Thursday, May 10, 2007

Lord of the Rings Online

Made some changes to the template I've been using to go along with some other changes: namely my switch from the World of Warcraft to the Lord of the Rings Online. Don't get me wrong, WoW is a great game! I had a lot of fun in the World of Warcraft and if anyone is starting out with MMORPGs, I'd recommend it as a great introduction and a really fun hobby. The trouble I had with WoW is that I've pretty much done all I care to do in the game.

I've played WoW for about two years. I started my first character, a tauren warrior, on a PvP server and had some good times. I made it through the 1 - 60 content and joined up with a guild to do raiding and "end game." Then I rolled an Alliance character and did the same thing: got to 60, did a bunch of PvP and did the raiding thing into Molten Core and Black Wing Lair. Lots of fun. Then the expansion hits: The Burning Crusade. Had lots of fun there, back on my original warrior. Now he's 70, has a flying mount and is facing another "end game." And this time, I'm just not interested. Grinding rep to get a key for a slightly different version of an instance I've already been to does not appeal to me, nor does the constant wipe-fest for mediocre rewards that is the current end game. I had a lot of fun with WoW, but rather than deal with the frustrations of raiding and the struggle to keep up with the rest of my guild, I decided to end on a high note.

I have a friend where I work who was a closed beta tester for The Lord of the Rings Online. Once the restrictions were lifted, he gave me the low-down on the game. As a big Lord of the Rings fan (both the books and the movies), I decided I had to check it out. I preordered so I could get into the open beta. I've been playing ever since. The world Turbine built is an excellent rendering of Tolkien's Middle Earth complete with all the races and the places I've read about in the books. Like any MMORPG I've played to-date, it has a number of classes to choose from and you can choose a race (hobbit, dwarf, elf, human). Gameplay is very similar to WoW, so if you're a WoW player, you'll pick it up in no time.

One of the things I truely enjoy is the world itself. I can visit the Old Forest. I've been to Bag End. I've been to Rivendell. I've explored ruins, delved into caves and found places only the brave would go. In short: I am exploring stuff I haven't seen a million times and I'm loving it! Even places that I've been to a couple times can take my breath away with the game's graphics. The world also has a night/day cycle which changes the way things look and in-game sunrises and sunsets are very nicely done. The stars come out at night and actually move across the sky as do the clouds. If you're lucky, you can also see a rainbow in Hobbiton!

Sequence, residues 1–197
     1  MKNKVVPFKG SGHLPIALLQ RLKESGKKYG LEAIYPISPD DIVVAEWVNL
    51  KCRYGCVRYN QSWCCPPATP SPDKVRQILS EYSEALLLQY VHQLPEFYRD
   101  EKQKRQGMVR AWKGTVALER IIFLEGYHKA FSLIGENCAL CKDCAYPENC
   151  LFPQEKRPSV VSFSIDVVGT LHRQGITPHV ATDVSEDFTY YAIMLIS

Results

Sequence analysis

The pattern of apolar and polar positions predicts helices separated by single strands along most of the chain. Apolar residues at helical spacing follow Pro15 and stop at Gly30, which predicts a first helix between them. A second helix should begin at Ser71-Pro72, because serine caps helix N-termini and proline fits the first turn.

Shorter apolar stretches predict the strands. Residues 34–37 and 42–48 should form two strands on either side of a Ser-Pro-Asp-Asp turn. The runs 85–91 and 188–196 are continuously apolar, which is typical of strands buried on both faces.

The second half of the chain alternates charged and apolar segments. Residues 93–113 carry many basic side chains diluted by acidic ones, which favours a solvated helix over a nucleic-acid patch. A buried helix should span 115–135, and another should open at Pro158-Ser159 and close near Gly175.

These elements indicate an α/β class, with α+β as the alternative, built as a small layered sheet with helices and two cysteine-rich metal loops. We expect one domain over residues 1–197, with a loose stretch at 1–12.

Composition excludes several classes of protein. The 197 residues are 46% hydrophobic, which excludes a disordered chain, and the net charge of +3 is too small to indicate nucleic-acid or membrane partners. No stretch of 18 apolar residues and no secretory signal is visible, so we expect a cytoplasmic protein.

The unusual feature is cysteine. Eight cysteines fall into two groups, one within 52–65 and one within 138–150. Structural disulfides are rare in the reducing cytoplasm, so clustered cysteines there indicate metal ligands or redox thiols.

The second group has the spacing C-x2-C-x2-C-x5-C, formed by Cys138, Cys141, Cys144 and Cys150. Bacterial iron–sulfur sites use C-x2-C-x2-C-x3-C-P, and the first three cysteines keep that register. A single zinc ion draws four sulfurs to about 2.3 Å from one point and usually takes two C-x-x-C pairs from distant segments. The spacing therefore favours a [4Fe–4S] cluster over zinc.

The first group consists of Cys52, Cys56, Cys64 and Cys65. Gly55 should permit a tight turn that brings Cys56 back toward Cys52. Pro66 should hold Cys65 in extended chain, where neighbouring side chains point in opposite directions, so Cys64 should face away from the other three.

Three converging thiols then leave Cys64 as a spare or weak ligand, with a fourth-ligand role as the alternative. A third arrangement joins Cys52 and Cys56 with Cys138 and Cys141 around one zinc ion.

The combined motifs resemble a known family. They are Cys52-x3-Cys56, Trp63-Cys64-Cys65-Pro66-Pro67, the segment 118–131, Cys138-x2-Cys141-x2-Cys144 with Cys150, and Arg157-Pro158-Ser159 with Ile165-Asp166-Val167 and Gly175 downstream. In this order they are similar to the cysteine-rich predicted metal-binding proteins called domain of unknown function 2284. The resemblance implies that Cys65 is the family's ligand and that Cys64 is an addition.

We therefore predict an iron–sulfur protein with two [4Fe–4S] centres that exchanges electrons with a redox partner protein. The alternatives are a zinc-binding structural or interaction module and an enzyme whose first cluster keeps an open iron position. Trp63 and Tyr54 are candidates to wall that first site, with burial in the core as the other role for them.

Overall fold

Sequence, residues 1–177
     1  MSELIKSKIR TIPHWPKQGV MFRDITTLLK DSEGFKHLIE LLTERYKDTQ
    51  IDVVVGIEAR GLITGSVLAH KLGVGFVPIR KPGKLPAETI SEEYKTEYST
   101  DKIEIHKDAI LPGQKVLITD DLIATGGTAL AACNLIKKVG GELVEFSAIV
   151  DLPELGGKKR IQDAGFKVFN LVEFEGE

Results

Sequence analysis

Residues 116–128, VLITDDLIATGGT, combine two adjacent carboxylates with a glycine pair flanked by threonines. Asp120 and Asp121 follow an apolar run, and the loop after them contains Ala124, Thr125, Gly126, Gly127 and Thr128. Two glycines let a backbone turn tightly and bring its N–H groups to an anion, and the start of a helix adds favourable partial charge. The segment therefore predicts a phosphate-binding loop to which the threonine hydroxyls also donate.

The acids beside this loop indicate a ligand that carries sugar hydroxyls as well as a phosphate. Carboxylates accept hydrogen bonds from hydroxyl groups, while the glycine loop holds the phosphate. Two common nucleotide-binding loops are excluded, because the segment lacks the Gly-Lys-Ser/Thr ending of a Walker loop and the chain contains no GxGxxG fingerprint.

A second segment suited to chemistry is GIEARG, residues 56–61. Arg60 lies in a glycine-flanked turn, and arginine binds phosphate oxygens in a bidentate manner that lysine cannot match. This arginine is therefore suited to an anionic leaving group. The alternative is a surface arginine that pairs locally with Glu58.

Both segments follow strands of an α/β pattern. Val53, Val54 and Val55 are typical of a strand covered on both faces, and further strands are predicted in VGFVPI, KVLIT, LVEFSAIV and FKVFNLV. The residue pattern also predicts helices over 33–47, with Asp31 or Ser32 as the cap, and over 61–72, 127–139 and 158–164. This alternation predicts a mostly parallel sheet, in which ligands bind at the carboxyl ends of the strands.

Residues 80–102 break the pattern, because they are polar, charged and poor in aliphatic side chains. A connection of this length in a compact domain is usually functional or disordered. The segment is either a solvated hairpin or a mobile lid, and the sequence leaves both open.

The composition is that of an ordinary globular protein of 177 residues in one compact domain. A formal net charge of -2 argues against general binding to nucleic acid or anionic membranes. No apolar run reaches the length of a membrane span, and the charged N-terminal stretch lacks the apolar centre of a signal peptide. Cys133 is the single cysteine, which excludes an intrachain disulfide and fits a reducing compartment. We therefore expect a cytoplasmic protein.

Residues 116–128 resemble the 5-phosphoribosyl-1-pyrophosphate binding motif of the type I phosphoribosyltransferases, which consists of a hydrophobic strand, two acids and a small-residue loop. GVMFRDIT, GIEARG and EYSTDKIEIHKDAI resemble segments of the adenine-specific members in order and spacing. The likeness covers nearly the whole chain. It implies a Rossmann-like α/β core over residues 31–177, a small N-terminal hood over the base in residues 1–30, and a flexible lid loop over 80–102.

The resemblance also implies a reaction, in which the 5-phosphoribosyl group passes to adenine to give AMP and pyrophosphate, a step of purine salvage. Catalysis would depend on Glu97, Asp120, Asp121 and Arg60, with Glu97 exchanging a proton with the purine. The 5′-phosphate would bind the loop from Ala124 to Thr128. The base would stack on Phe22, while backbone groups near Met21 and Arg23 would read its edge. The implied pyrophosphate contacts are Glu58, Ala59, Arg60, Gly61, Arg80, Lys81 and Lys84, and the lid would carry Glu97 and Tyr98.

Other things that impressed me about the game are the subtle changes in gameplay that Turbine has introduced. Mob xp is small. Very small. Most of the xp you gain as a character will be from quests. The emphasis is on questing and thereby on the stories involved in the world. No more grinding boars to get to max level. You need to quest. Some of the more unique quests are in Hobbiton. Delivering mail, eggs and pies got my hobbit hunter from level 8 to 10. They are basically "FedEx" type quests with some additional pressures: you need to avoid certain npcs and you are on a timer. Delivering mail involves talking to the postmaster in a town. He will give you a sack of mail and tell you the town you need to deliver it to. Then you're off! As the timer counts down, you need to navigate to the next town's postmaster to give him the mail. You cannot fight while you're carrying the mail. You cannot swim or you'll drop the pouch and fail. You also need to steer clear of Nosey Hobbits! If a Nosey Hobbit spots you, you fail the quest. The result is players scurrying across roads, cutting through fields, leaping fences and diving behind buildings to get their mail to the postmaster before the timer expires. By the end of the questline, you'll also know the Shire like the back of your hand.

Other notes:
- The crafting system could use some tweaking, but it's fairly well done. You get a set of professions (ex: metalsmith, prospector, tailor) which can be used to support your class.
- Like in WoW, Auction Houses are available for player-to-player trades.
- There are no official roleplay servers (for the US, anyway). People are expected, however, to be able to roleplay on any server they choose. The game lends itself quite easily to roleplay given the depth and detail of the world.
- You can smoke pipeweed!
- Players gain skills in musical instruments and can create music. Some people use the instruments as little more than noisey party favors but other people are quite talented musically and can have little in-game concerts.

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